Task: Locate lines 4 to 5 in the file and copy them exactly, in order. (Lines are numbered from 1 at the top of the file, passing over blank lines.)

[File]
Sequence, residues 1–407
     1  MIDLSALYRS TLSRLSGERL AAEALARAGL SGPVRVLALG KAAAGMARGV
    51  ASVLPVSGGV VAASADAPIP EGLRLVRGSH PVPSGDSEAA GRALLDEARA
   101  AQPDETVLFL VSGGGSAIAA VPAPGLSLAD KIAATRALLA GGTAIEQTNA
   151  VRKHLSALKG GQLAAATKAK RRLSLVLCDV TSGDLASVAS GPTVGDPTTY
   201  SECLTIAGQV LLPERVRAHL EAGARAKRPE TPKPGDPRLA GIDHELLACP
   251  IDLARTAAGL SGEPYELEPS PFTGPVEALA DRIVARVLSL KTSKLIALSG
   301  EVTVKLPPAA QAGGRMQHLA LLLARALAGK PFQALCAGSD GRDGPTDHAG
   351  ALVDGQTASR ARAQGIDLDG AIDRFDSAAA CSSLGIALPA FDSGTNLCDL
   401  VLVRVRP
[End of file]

   101  AQPDETVLFL VSGGGSAIAA VPAPGLSLAD KIAATRALLA GGTAIEQTNA
   151  VRKHLSALKG GQLAAATKAK RRLSLVLCDV TSGDLASVAS GPTVGDPTTY